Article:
Top 6 social networking risks facing your business

Social networking is fundamentally shifting the way we interact and communicate. Growing rapidly, companies large and small can no longer ignore or try to block social networking in their environment.

Customers, partners and employees alike expect to engage with you via social media to stay connected, gather feedback, recruit, and collaborate. As a result, you need to support social media in your environment.

Social networking risks

All the things that make social media so attractive to users pose significant risks to your business. The following are the top 6 risks you face when you use social networking:

1. Malware: social media users are spending more than 700 billion minutes per month on Facebook alone, making social networking sites and their users’ ideal malware targets. According to Sophos, 40% of users were infected by malware from social networking sites. Typical attacks try to trick users into giving up information that can be exploited for financial gain. Some examples of malware in social media are:

2. Phishing: Attackers pose as one of your legitimate social networking connections and try to lure you into providing sensitive information, such as your login credentials. They prey on the tendency of most people to use the same passwords for all their accounts, hoping that by tricking you into giving one username and password they can get access to more profitable online accounts.

3. Click-jacking: Attackers lure you into clicking on a link, perhaps posting it on your wall and then spamming your friends to “check it out.” When someone clicks on the link they unwittingly install malware that can be used to steal information or take control over their computer. Clickjacking uses the dynamic nature of social networking and a willingness to click on links from those you know, and even those you don’t, to quickly reach a large audience.

4. Data Loss: Social networking is about making connections and sharing experiences and information, however, sometimes that information is not meant to be made public. It’s not uncommon for people to inadvertently post confidential information that provides “insider knowledge.” These actions, though unintentional, can potentially violate industry specific regulations, impact your reputation, or put you at a competitive disadvantage.

5. Bandwidth Consumption: As much as 40% of employees report that they are on social networking sites at work, creating a potential strain on bandwidth to the detriment of other business applications. Last year, when the U.S. government mandated open access to social networks, traffic on the network increased by 25%. Video alone can overwhelm many networks. A single video stream usually consumes between 500k to 1.2 Mbps (and that’s not even HD), and when you have tens or hundreds of people accessing videos it’s easy to see how overall performance can degrade.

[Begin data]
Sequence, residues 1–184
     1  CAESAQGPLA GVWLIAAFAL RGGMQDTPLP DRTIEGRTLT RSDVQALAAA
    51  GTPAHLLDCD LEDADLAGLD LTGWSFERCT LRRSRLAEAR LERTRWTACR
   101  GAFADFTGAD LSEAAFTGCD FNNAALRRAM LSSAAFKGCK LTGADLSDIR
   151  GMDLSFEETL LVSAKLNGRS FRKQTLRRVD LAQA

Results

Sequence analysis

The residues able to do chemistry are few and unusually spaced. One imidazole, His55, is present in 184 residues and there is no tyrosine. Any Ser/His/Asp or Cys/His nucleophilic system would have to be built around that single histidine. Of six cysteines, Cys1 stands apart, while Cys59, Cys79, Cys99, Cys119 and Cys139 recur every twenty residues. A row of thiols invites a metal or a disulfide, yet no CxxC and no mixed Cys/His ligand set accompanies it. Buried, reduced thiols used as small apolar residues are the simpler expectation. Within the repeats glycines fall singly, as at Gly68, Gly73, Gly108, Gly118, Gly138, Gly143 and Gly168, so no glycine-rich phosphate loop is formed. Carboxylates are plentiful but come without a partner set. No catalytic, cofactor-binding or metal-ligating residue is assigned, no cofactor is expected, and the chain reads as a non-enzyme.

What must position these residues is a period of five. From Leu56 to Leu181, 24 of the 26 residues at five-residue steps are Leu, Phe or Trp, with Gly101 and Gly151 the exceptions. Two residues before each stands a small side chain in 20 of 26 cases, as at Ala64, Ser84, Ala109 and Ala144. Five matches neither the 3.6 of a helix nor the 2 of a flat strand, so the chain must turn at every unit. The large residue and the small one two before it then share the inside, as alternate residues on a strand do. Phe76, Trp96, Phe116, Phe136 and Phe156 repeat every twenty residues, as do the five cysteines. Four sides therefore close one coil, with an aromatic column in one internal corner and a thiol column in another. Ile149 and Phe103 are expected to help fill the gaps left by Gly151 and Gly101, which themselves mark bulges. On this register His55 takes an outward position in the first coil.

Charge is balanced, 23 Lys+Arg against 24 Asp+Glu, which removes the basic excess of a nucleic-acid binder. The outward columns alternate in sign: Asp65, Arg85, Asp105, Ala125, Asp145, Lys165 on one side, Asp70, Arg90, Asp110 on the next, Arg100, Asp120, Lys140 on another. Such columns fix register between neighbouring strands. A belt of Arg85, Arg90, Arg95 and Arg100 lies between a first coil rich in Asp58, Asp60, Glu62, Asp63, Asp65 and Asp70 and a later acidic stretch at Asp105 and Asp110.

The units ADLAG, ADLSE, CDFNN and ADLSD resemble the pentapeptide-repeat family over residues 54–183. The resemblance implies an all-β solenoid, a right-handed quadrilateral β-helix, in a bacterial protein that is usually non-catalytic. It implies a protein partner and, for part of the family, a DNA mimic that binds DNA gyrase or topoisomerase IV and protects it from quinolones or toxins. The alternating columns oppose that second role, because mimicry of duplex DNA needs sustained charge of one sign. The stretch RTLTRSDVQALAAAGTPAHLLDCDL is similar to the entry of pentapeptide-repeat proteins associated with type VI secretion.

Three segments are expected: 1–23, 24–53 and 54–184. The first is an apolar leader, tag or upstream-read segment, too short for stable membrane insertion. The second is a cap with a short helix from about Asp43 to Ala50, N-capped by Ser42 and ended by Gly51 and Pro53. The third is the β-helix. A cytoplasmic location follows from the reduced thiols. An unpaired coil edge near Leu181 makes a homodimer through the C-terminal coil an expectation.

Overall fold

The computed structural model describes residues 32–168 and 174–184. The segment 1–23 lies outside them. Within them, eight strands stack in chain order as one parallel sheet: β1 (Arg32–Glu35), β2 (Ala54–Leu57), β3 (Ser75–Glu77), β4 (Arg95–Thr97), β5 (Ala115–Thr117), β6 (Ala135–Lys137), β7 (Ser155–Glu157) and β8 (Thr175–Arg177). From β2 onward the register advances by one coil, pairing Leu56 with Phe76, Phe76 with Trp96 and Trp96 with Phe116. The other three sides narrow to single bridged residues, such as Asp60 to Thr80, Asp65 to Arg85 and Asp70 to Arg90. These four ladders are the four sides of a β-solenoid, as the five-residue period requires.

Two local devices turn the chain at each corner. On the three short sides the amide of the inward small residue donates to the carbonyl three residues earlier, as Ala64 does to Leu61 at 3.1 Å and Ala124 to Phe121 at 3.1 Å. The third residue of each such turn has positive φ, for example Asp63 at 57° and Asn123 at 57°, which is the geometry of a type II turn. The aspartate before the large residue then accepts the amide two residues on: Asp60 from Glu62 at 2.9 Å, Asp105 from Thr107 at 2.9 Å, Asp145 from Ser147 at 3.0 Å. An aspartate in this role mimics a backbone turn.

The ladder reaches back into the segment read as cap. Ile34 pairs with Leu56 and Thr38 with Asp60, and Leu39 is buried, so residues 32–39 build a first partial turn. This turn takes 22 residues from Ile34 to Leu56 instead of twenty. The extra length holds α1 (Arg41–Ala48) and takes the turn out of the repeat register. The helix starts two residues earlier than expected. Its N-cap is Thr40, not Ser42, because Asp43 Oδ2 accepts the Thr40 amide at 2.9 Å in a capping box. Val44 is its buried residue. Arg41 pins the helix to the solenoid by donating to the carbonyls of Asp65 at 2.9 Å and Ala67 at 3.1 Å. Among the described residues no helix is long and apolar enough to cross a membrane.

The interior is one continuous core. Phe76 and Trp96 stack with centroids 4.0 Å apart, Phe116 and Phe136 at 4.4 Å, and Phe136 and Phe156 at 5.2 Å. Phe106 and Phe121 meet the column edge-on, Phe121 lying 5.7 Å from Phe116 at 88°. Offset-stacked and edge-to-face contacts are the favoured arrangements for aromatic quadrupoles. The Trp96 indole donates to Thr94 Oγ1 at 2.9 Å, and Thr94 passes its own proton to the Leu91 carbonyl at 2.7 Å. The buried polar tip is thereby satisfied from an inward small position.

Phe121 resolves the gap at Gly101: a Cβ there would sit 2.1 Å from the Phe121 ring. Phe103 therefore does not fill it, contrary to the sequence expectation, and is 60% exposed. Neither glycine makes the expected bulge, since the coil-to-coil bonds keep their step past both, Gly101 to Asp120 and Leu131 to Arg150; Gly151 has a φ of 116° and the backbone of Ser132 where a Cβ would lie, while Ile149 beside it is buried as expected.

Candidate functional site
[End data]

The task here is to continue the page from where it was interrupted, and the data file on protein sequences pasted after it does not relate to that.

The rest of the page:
6. Productivity Loss: Social networking sites are becoming online destinations, enabling you to post and read messages, upload or check out videos, and play games making them increasingly convenient and engaging for users. When unchecked, the time spent on social networking sites can affect productivity, as your employees spend more time playing during business hours.

New requirements to keep your business safe

While you find yourself compelled to allow social media, you do not need to expose your business to undue risk. There are ways to protect against the risks posed by social networking. Specifically, your solution needs to provide:

  • A Real-Time Web Defence – your solution needs to analyse your web traffic and uncover threats that may be hidden there. Real-time analysis of dynamically changing links provides risk analysis and timely protection to keep social media safe.
  • Selective Social Networking Controls – to protect against data loss and comply with industry-specific regulations, you need to be able to manage the actions your employees can take within social networking sites. You may want to prevent employees from uploading attachments, photos or video to social media sites. The key is to have granular control over what can be done within social networking. This requires a solution that not only looks at where the initial traffic is coming from but also at what is being done within that application.
  • Caching – you can’t allow social media to overrun your network and adversely impact business critical applications. What you can do is offset any potential performance degradation with caching, which allows you to locally store data and video files after an initial download and make them readily available to users.
  • Policy Flexibility – to manage productivity, you need to set acceptable use policies. You may choose to block access to gaming or social networking during work hours; or you may want to give it a lower priority, so it doesn’t impact business critical applications. With a flexible policy framework, you can prioritize and manage the activities that are allowed or disallowed.
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Nigel Hawthorn started working in the computing industry in 1980 and helped to introduce Omninet, a 1Mbps Local Area Network in 1982. He has since co-written a number of books and articles on high-speed networking, network security and Internet performance and presents regularly at industry forums. Nigel's experience includes product marketing, business development, consultancy and technical support. He spent two years working in California for 3Com, spearheading the introduction of the stackable hubs and switches, now the most common type of networking building blocks. He has also worked for other network manufacturers including 3Com and distributors in pan-European roles. Based in the UK, Nigel is in charge of the marketing and channel elements of Blue Coat’s activities in Europe, the Middle East and Africa, as well as Central and Latin America.